Muruzi House

brodThe young woman (left) and the late Russian-American poet Joseph Brodsky (right) have nothing to do with the story, told below, of a Central Asian female migrant, working as a residential building caretaker in Petersburg, and her temporarily misplaced daughter. In recent days, however, this “graffiti” portrait of the Nobel laureate, which was quickly painted over, has been the talk of Brodsky’s hometown. The brutal conditions in which Central Asian migrant workers live in Petersburg and other Russian cities are virtually never the talk of the town, although it is their poorly paid drudgery that makes it possible for the “natives” to lead such rich spiritual and intellectual lives, chockablock with fine poetry and heated debates about “street art” and aesthetics. Photograph courtesy of the Instagram page Dom Muruzi

George Losev
Facebook
May 28, 2020

While I was at work, I found a little girl outside the entrance of a residential building. She was calling for her mother, her mommy. She was lost. Although the girl could speak Russian, she was unable, of course, to say where she lived and when she had last seen her mommy. But she was enjoying playing with a broken plastic motorcycle.

I couldn’t go to the police. Who knew what problems with papers the little girl’s family had? In any case, the police would shake down the girl’s mother and father and rob them.

An old lady in the neighborhood with whom I organized an ACSC (ad-hoc committee for saving the child) agreed with my assessment. During the ten minutes of our existence as a committee, we couldn’t come up with anything. Fortunately, the mother—a local building caretaker—showed up and fetched her daughter.

How disgusting it is to live in a society where you can’t go to the police, because the police are robbers and looters with blank stares.

George Losev is a housing authority electrician and revolutionary leftist activist in Petersburg. Translated by the Russian Reader

Riders!

vo-shark-1989Vadim Ovchinnikov, Shark, 1989

Swift-footed riders!
Don’t burn with envy beneath the gaze
Of those who died untimely deaths:
Be untimelier . . . and younger.
Don’t fear those minutes when there are tears in your eyes.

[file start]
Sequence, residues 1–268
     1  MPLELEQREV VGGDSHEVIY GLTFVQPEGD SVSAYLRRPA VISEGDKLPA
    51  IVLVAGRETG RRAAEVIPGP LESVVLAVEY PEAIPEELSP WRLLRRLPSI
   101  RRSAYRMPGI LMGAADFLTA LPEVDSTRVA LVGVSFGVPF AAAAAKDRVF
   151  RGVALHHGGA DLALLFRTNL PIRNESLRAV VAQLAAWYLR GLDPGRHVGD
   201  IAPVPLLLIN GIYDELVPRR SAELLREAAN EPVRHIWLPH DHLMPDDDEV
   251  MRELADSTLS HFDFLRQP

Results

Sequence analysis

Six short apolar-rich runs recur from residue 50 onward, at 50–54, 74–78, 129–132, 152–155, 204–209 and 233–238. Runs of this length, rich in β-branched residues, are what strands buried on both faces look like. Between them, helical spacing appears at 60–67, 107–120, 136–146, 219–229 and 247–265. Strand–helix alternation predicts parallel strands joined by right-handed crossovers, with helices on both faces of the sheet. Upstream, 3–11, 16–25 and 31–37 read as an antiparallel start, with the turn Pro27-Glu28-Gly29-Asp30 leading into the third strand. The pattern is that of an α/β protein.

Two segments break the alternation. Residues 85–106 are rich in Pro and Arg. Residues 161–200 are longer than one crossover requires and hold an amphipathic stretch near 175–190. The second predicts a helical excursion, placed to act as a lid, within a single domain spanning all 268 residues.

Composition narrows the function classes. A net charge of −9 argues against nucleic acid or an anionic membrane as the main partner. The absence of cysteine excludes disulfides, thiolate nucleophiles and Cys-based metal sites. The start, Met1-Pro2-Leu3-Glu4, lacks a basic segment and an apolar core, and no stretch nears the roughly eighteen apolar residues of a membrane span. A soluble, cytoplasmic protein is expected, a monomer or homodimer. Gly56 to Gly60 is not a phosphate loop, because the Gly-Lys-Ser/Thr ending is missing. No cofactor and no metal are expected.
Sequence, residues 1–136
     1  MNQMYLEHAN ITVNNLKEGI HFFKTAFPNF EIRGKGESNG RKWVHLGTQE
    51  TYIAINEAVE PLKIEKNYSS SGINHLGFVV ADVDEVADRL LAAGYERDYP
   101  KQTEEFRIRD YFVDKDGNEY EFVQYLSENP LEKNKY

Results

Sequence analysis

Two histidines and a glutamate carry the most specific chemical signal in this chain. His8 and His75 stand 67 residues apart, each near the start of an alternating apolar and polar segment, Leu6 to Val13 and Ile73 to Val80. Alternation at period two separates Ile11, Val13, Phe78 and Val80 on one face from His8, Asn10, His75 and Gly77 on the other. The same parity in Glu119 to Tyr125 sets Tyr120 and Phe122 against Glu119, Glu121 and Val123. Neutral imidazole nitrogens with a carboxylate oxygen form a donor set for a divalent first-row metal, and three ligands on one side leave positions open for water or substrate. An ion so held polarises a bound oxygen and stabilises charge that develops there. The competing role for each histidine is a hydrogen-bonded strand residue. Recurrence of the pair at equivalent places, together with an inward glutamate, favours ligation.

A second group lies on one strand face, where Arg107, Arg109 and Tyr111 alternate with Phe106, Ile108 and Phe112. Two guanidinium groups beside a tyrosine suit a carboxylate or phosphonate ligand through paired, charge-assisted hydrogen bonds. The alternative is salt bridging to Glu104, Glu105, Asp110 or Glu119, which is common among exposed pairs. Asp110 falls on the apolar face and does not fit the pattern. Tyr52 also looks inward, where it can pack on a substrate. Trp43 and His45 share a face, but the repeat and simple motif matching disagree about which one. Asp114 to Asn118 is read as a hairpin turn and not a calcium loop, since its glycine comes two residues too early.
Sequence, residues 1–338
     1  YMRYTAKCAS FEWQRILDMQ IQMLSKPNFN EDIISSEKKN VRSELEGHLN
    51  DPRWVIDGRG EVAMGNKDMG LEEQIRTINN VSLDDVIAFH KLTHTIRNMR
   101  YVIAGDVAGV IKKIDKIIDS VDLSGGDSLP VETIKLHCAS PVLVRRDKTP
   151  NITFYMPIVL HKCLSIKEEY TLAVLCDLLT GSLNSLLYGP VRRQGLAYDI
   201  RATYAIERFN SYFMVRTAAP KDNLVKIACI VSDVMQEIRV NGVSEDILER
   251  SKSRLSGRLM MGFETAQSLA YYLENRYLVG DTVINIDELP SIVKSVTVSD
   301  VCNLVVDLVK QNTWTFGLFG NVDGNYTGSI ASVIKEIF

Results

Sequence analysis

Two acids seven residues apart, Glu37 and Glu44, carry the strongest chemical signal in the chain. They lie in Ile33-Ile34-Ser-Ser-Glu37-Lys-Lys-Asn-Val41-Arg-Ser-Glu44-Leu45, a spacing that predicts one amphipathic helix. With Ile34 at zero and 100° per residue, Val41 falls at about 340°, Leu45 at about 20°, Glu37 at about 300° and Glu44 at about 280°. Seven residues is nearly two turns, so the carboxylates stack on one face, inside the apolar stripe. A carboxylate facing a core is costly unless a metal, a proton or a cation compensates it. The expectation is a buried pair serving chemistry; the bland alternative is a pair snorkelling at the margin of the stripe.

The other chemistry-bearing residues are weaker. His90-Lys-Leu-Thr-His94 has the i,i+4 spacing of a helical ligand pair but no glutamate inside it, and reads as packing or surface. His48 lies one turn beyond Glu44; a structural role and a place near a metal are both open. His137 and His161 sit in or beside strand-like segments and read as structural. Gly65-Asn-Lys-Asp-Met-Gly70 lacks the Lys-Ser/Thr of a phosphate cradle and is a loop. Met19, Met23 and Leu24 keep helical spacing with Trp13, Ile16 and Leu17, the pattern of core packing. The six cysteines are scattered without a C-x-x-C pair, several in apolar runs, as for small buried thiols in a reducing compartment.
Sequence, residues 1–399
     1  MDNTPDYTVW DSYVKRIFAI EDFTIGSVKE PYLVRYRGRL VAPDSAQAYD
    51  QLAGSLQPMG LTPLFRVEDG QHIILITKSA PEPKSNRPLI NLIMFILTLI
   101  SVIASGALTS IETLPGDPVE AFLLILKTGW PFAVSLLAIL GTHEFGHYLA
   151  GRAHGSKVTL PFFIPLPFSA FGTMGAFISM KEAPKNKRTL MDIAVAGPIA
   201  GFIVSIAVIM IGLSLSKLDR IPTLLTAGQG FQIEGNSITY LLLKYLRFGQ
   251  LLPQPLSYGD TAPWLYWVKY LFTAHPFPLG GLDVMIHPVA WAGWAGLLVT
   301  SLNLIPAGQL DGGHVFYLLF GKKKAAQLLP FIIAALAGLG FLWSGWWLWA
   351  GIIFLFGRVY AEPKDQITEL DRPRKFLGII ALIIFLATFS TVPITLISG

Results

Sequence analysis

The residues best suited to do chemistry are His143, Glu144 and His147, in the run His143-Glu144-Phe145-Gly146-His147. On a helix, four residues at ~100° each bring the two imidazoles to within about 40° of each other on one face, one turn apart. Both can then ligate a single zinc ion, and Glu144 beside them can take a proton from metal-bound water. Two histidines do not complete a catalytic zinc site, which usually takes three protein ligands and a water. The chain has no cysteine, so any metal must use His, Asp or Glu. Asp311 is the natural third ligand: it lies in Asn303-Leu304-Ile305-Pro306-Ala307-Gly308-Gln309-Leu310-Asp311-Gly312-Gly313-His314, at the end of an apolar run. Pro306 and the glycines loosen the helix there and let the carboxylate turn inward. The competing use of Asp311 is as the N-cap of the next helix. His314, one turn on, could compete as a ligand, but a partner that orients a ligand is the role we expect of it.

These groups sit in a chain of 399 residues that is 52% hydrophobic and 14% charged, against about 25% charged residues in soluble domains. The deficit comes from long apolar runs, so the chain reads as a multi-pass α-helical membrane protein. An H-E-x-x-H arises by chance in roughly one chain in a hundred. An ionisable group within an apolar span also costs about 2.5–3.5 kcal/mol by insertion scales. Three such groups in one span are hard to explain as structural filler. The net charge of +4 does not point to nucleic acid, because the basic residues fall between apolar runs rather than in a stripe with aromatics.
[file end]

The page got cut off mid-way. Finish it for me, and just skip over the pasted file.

They are your succor.
Take special note of the accent and the gaze.
Don’t turn your back and don’t cower,
Otherwise they’ll finish you off.
Take the high note and sing! It’s better that way.
Don’t burn in acetylene. It’s immoral.

vo-the life of plants-1994Vadim Ovchinnikov, from The Life of Plants, 1994

PEARLY RIDERS!

Ye who write on the cheek of tenderness and delight
with red-hot tongs!
And the world is mad and war . . .
Look at the sky and you will understand
who you are . . .
Crutches are not conducive to movement—
the other self.
Will the unlocking of locks be employed
In gluttony?
We repent.

vo-hutsVadim Ovchinnikov, Huts (year unknown)

RIDERS!

Be careful when choosing medals,
But don’t save yourselves . . .
Thse hell with them, the whiners . . .
Surely there must be JUSTICE!
And there is LENINGRADCONSTRUCT,
Their name is legion—you cannot enumerate the tide,
Although its roar is clear and beloved . . .
A mouse lies there, poisoned by marmalade.
Nasty rotgut! The mouse has almost rotted away,
Its love will no longer touch . . .
The poor thing lies any old where
Like a karakurt.
But there is no evil in the water, is there?
Nor is there in the pit.
The bureau’s slippery railing scurries amid the winds.
And he was merry and tender,
And condemned immoral acts,
He did not outlive his veins, though, kicking the bucket.
And did the veins long pride themselves on the blood?
They were proud of torso and sperm,
Which had their own original guise . . .
He gave himself nothing but happiness.
SCOUNDREL!

watercolor-90sVadim Ovchinnikov, Watercolor, 1990s

RIDERS! AMIGOS!

them ones or those who don’t scratch the backbone . . . backb.
take care

of the backbone!
he is now presented as an asset.
he lies with a kerf along the backbone
and gazes into the distance . . .
stuffed with eyes.
lovely pupils perspiring
he trrrmbles all over like nobody I know.
he’s probably a lover of kisses!

did you go to the plein air painting session? well, how was it?
ah yes, I forgot . . . you shoveled hay
that smelled of roses, bast, fog . . .
then you looked, only . . .
cautiously so as not to break the glove
of the fallen moon.
did you eat horse meat?

Hur-raa-aaa-aah to the riders!!!

♥♥♥♥♥♥♥

Twenty-four years ago today (May 24), the author of these poems and pictures, the artist Vadim Ovchinnikov (1951–1996), was buried by family and friends at Volkovskoye Cemetery in Petersburg. Ovchinnikov worked in a number of media, including painting, watercolor, collage, animation, mail art, conceptual literature, and music. His works can be found in the collections of the State Russian Museum (Petersburg), the Moscow Museum of Modern Art, the Art Museum of Pavlodar (Kazakhstan), and Kai Forsblom Gallery (Helsinki). For more information on Ovchinnikov’s art and life, see the website ov-ov.com. All images courtesy of ov-ov.com. All poems translated by Thomas Campbell

Darya Apahonchich: #outdoorwallpaper

darya-wallpaper-2b

[darya apahonchich]

our private life has been invaded by the public, by the state. our borders are not where they used to be.

but you cannot order people not to be poor, you cannot order them to keep their distance if they have nowhere to hide or stand apart.

i have turned my house inside out with wallpaper.

#outdoorwallpaper
a tiny city apartment poem

darya-wallpaper-1a

1.
we
urge you
not to drink
from the common
cup
of poverty

darya-wallpaper-1b

darya-wallpaper-2a

2.
we have wallpaper and you have wallpaper
and the virus flies freely
in dwellings